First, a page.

Two Sorbonne professors, the distinguished medievalist Gustave Cohen and the existentialist philosopher Jean Wahl, organized these "Pontigny" sessions, named after an abbey in Burgundy where similar symposia had been held in the decades before the war. Among the participants—many of whom were Jewish or had Jewish backgrounds—were the philosophers Hannah Arendt and Rachel Bespaloff, the poets Marianne Moore and Wallace Stevens, the anthropologist Claude Lévi-Strauss and the linguist Roman Jakobson, and the painters Marc Chagall and Robert Motherwell.
In this collection of original essays, Stanley Cavell and Jacques Derrida lead an international group of scholars—including Jed Perl, Mary Ann Caws, Jeffrey Mehlman, and Elisabeth Young-Bruehl—in assessing the lasting impact and contemporary signiï¬cance of Pontigny-en- Amérique. Rachel Bespaloff, a tragicï¬gure who wrote a major work on the Iliad, is restored to her rightful place beside Arendt and Simone Weil. Anyone interested in the "intellectual resistance" of Francophone intellectuals and artists, and the inspiring support from such Americanï¬gures as Stevens and Moore, will want to read this pioneering work of scholarship and historical re-creation.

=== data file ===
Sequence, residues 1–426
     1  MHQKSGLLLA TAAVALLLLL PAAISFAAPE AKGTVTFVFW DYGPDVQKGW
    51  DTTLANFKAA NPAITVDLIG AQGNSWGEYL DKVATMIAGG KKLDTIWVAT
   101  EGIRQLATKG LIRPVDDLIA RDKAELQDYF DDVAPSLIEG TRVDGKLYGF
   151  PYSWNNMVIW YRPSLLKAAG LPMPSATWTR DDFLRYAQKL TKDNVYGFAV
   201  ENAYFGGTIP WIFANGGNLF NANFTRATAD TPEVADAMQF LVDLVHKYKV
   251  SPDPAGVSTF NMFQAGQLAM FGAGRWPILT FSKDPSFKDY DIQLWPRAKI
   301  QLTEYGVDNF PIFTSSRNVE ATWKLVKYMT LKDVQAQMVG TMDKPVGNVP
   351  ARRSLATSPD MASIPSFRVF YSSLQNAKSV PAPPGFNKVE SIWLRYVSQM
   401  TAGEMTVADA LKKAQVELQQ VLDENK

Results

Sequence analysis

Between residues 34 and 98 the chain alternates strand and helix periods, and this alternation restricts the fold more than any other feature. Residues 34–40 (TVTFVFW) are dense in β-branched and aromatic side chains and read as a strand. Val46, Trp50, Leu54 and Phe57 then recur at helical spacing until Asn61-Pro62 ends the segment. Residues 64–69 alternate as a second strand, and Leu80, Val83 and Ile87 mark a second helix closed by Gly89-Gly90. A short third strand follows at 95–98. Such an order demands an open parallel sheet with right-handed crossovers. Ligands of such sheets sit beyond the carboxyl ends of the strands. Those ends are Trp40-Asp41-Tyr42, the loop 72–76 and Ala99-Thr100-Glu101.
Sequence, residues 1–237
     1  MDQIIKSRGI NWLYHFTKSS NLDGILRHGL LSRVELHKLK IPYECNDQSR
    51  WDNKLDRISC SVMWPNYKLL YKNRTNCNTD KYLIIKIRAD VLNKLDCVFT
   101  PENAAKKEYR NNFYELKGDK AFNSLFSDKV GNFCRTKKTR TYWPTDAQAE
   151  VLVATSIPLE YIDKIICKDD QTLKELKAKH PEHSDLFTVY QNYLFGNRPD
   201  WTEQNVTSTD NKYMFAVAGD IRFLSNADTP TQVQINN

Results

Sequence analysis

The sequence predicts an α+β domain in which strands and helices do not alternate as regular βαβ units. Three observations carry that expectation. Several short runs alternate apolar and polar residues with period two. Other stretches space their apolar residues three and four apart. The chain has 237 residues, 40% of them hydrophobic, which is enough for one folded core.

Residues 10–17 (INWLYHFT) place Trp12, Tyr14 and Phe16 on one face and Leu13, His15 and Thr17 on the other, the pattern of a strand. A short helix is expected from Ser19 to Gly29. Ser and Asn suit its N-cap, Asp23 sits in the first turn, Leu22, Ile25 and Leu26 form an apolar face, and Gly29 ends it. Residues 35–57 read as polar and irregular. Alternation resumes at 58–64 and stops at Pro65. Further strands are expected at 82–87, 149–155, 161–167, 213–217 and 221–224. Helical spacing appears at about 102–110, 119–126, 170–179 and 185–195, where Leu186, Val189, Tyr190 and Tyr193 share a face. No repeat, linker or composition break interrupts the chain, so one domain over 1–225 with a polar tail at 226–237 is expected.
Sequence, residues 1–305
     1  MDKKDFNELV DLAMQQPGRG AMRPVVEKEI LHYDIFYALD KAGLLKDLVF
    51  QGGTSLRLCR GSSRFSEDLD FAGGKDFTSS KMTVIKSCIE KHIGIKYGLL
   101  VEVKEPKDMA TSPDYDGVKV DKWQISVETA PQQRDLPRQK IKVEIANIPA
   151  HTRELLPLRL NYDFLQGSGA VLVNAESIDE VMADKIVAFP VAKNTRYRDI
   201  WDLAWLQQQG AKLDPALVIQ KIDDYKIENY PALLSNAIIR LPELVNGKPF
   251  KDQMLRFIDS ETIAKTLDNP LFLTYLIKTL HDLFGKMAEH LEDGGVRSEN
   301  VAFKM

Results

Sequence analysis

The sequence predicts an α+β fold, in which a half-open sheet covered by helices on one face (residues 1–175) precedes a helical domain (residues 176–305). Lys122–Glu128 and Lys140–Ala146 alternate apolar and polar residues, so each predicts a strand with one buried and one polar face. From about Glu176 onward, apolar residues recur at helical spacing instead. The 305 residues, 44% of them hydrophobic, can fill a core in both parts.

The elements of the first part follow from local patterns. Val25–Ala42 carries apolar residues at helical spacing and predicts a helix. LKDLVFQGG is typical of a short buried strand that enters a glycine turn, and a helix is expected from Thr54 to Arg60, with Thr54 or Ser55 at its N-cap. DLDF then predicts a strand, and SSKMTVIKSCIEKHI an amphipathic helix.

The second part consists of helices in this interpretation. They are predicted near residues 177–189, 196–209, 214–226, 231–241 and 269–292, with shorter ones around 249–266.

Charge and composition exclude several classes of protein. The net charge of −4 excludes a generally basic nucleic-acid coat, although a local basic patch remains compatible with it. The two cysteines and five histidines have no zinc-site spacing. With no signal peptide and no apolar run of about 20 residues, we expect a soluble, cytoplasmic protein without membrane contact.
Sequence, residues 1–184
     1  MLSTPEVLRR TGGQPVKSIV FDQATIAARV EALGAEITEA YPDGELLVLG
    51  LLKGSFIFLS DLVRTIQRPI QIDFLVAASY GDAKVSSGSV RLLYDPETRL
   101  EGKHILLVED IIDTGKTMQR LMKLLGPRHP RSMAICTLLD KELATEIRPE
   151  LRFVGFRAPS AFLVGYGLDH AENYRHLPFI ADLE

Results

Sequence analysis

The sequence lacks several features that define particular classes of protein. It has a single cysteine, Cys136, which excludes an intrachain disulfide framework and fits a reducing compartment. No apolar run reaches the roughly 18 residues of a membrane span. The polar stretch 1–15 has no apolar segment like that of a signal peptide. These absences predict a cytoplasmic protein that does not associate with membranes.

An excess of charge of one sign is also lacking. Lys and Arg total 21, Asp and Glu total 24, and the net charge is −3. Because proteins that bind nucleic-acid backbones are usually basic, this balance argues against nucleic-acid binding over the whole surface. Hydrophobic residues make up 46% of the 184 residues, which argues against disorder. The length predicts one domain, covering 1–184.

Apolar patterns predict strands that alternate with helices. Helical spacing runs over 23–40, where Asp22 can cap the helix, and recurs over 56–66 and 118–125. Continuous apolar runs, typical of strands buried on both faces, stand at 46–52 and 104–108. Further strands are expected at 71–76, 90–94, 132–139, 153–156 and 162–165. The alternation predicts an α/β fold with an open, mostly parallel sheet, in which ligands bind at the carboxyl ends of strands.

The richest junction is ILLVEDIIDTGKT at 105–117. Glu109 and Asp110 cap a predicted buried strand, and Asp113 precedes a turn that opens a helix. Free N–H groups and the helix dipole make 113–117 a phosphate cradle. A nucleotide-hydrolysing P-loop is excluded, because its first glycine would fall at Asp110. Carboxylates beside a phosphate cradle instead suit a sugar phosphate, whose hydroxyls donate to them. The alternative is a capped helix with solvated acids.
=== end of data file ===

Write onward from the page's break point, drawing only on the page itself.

"Conversations, conferences, and symposia are evanescent; their most crucial moments are often unrecoverable, happening as they do in the hallway or over coffee. Pontigny-in-America is the great exception, and the essays in this volume do a superb job in capturing its importance. The conjunction of people who attended is so startling and so curious—Wallace Stevens and Claude Lévi-Strauss, Robert Motherwell and Hannah Arendt—that anyone involved in the intellectual life willï¬nd something rewarding here."—Michael Gorra, author of The Bells in Their Silence:
Travels through Germany
"The volume contains rewarding nuggets of intellectual history and scholarly reflection."—French Studies